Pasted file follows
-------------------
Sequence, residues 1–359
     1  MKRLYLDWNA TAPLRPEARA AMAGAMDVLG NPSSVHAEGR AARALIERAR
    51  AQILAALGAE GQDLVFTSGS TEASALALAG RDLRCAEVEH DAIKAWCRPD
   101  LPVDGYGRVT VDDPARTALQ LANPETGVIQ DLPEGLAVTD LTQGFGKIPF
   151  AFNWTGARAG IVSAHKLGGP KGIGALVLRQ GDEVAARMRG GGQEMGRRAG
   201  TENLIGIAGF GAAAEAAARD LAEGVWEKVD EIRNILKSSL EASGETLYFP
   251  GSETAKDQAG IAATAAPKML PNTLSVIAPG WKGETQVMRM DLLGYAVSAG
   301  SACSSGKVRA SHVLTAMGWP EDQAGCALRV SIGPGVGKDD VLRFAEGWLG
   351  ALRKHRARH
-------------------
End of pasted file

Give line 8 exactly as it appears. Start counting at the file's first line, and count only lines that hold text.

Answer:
   301  SACSSGKVRA SHVLTAMGWP EDQAGCALRV SIGPGVGKDD VLRFAEGWLG